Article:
I see him as a viable candidate, but just wonder if those on the CNC will feel the same. I have a nagging feeling that they are going to be looking for some sort of continuity, and will be averse to risk taking – which genuinely, selecting a recently appointed bishop would be.

I remain convinced that the Bishop of Liverpool would be the best candidate, particularly as Bishop Welby flourished in his diocese. But, given his circumstances, my wishes are unlikely to be granted.

Still, if they are like minds, there is hope.

Lay Anglicana said...

The odds are even greater against +James, unfortunately. Still, as you say, we live in hope.

14 August 2012 07:26
14 August 2012 05:20
Pam Smith said...

I knew Justin when he was at Coventry Cathedral, not only did he do a great job in the International Dept and as Sub Dean but he was very approachable. He spoke to the last Diocesan Readers’ conference I was eligible to attend and was not only very interesting on the subject of reconciliation but very clear about the contribution that Readers make to parish life and the difficulties many Readers have.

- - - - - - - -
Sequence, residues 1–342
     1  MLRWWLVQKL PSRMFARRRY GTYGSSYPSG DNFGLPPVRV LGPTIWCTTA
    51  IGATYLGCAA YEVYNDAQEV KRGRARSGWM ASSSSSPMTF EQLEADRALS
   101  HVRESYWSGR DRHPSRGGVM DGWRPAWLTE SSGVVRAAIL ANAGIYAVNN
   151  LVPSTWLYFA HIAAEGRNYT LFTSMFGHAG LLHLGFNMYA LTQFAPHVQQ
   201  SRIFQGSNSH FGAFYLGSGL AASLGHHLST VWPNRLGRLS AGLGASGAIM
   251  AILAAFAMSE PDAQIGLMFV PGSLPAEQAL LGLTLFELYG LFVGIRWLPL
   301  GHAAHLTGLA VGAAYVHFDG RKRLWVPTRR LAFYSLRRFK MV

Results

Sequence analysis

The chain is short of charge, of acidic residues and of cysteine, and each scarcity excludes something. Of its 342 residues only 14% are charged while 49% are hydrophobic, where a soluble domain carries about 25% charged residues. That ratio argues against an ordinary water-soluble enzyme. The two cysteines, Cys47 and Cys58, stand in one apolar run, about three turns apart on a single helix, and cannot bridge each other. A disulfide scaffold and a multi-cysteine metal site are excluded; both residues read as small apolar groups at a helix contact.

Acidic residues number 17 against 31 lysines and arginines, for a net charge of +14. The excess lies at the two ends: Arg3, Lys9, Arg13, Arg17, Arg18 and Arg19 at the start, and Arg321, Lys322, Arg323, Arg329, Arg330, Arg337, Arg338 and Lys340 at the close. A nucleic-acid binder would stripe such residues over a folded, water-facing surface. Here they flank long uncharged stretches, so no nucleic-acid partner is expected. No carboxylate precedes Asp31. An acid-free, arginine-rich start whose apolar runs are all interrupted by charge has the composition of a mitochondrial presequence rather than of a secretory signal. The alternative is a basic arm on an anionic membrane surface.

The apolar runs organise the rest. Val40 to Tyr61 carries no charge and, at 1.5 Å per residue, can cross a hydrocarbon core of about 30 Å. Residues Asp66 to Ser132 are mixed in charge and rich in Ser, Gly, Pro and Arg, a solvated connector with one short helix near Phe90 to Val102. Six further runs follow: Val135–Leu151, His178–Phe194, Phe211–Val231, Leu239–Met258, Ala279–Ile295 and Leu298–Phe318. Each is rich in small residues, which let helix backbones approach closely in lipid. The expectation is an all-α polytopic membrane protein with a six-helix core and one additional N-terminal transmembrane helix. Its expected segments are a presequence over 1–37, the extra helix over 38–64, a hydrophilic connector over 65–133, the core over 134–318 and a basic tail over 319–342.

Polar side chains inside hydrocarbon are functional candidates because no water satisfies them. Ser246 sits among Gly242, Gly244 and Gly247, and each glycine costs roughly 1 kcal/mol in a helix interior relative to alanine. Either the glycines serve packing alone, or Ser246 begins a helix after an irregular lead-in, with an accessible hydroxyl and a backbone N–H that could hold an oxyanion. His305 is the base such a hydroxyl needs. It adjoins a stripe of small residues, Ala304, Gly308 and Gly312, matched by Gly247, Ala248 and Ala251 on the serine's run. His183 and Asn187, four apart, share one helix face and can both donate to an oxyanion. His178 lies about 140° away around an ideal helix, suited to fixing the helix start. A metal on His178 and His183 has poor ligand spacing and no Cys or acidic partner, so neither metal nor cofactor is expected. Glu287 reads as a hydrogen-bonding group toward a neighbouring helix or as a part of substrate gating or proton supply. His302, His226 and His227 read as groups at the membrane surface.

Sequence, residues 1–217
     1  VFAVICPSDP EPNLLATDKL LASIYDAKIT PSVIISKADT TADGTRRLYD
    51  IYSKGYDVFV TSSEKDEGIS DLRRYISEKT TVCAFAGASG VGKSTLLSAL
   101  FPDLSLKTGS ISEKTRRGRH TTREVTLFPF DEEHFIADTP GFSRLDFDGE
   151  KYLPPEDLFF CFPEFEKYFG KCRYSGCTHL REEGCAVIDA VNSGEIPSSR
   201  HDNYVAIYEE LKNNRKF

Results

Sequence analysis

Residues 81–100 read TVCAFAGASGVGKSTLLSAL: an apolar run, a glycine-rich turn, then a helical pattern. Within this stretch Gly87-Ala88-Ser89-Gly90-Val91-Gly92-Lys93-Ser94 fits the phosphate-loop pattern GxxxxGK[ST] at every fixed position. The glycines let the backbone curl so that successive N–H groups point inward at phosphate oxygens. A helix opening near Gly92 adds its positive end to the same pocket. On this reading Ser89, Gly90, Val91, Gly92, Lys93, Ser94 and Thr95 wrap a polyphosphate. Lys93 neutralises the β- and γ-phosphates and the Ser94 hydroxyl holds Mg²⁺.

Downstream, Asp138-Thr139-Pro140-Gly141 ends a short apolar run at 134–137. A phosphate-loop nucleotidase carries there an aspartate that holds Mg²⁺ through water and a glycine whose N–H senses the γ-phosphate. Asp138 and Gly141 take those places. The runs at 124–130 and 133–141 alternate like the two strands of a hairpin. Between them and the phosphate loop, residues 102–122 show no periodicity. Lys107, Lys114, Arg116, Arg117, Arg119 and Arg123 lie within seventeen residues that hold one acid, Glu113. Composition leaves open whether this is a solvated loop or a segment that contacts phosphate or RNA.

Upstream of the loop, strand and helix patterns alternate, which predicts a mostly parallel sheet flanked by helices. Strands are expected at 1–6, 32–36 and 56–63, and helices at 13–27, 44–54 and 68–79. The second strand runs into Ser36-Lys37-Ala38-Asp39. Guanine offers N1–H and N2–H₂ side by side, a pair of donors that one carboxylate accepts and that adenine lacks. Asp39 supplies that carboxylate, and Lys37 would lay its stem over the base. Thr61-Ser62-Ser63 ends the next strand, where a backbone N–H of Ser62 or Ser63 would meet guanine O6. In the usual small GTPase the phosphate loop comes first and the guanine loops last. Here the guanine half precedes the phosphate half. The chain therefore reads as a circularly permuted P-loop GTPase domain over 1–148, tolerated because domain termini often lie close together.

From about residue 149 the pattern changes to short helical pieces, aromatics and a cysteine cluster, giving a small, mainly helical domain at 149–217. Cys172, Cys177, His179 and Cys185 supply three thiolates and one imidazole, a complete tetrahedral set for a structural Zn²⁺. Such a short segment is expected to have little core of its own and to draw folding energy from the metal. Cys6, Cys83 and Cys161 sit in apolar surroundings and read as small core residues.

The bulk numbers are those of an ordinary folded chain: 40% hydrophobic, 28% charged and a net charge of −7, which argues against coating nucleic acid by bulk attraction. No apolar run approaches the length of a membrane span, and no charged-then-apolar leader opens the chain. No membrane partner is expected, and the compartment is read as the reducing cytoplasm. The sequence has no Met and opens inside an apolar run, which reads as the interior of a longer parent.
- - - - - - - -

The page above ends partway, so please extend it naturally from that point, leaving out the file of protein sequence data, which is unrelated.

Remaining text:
++ Justin would get my vote – sorry, Durham Diocese!

Lay Anglicana said...

Thank-you very much for this, Pam. You have the inestimable advantage of having actually seen him in action. One of the things that caught my eye, I must admit, is that he was a ‘lay leader’ – in whatever capacity – while at Holy Trinity Brompton. If he’s done it, he must know what the worm’s eye view is like! Although I dare say HTB was not typical. Also everything indicates that he is prepared to listen. And another thing – if he can charm Giles Fraser, whose left wing credentials are impeccable, why should he not win over the left hand of the Church?